There is this idea that if you can build an iPhone app you can ride the next dot-com type wave to millions of dollars. Take the guy who made the iPhone app that tells you you’re rich and lets you know if anyone else with the same app is nearby. He sold 8 copies for $999 each. Now granted that is only around $8000, but for a picture of a gem that lights up, it’s pretty ridiculous money.
The problem as I see it is that just like Facebook, Twitter and mySpace marketers and their clients are jumping into the fray without any thought as to “should I really be here?” Before a company invests considerable time and money in developing an iPhone app they should consider that the usage rate drops considerably after the app is first downloaded.
This is because most apps suck.
They suck because marketers and developers have not considered the audience, the iPhone usage and whether or not they even belong in that space. I know from my own iPhone usage I have downloaded about 40 apps and use 5 on a consistent basis. I use each one in a different fashion, for different reasons and at different times.
For example I use a little app called Majong fairyland twice a day on the subway, once on the way to work and once one the way home. The average game lasts 45-50 minutes which is perfect for my commute. The game is complex enough to occupy my mind, but allows me to listen to my own music or audio book so I can multi-task while playing.
Another great app I use is Run Keeper which I have blogged about before. In both these instances the app is useful and appropriate for the audience. But they are only used in very specific instances. Something like a news app would be useless to me since the only time I have time to read is on the subway, which has no Wifi connection, meaning I cannot read updated news – ergo useless. When I get home I could the iPhone app but I’d rather just turn on the TV.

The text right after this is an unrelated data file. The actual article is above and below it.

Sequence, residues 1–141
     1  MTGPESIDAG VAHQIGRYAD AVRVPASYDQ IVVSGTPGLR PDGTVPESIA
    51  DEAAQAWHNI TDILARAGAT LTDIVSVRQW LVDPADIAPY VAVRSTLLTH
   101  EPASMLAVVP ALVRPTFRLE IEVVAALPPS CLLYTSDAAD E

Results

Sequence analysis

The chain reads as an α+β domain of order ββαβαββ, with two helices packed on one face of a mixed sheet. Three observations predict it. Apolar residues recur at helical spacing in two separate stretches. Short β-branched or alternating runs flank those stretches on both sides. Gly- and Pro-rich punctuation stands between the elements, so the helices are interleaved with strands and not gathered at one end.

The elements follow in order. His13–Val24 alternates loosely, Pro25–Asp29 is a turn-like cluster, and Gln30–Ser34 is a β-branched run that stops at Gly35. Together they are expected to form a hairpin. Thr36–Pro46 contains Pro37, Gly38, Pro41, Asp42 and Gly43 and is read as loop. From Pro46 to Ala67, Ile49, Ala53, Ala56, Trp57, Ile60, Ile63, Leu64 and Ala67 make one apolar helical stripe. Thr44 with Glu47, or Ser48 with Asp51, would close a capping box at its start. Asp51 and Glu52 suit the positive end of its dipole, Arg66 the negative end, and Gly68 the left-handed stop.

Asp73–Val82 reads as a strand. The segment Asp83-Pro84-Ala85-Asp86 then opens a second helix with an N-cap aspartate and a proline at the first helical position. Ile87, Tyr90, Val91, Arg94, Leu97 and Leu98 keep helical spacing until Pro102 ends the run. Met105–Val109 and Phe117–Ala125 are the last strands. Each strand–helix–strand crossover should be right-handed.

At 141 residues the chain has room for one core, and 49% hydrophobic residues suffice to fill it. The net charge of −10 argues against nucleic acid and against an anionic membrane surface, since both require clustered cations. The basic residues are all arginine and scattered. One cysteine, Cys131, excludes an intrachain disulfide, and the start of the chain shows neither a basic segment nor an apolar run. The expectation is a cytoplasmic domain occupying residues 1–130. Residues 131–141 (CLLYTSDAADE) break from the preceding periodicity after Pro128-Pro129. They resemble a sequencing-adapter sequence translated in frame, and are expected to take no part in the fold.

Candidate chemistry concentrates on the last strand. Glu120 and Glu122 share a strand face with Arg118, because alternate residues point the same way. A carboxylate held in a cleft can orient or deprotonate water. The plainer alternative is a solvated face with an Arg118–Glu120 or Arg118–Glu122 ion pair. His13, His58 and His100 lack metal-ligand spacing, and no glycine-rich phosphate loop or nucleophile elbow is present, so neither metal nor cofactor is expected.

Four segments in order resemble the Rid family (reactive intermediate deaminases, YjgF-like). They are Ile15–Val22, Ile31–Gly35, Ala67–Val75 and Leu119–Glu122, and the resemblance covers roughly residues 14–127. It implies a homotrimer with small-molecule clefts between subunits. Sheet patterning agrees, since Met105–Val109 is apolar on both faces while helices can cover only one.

Now I realize that not everyone takes the subway but what other conditions should developers be thinking about? Say, you drive to work. Gotta keep your eyes on the road, can’t be looking at an iPhone (or at least you shouldn’t be) so what to do? How about an iPhone app that reads the news aloud? It could allow users to select via RSS the types of stories they want. Then it would be like having your own customized news broadcast.
Another group who should be on the iPhone is MLS. Imagine walking with your spouse along a street lined with trees in a neighbourhood you both like and you think, “Gee, We should move into this area.” With an iPhone app it could use GPS to identify your location and show a Google map (which MLS are already using) and display the homes for sale in that area. Then you could change the settings, filter the results and walk over to the houses in the area that your are interested in!
Now there are reasons why this app won’t work, MLS has a strangle hold on the data, for example. But the idea is solid, realtors (especially selling realtors) would love it, and it has a defined use. To make an app successful developers, marketers and companies need to look past the “buzz” and the quick money and consider “would I actually use this?”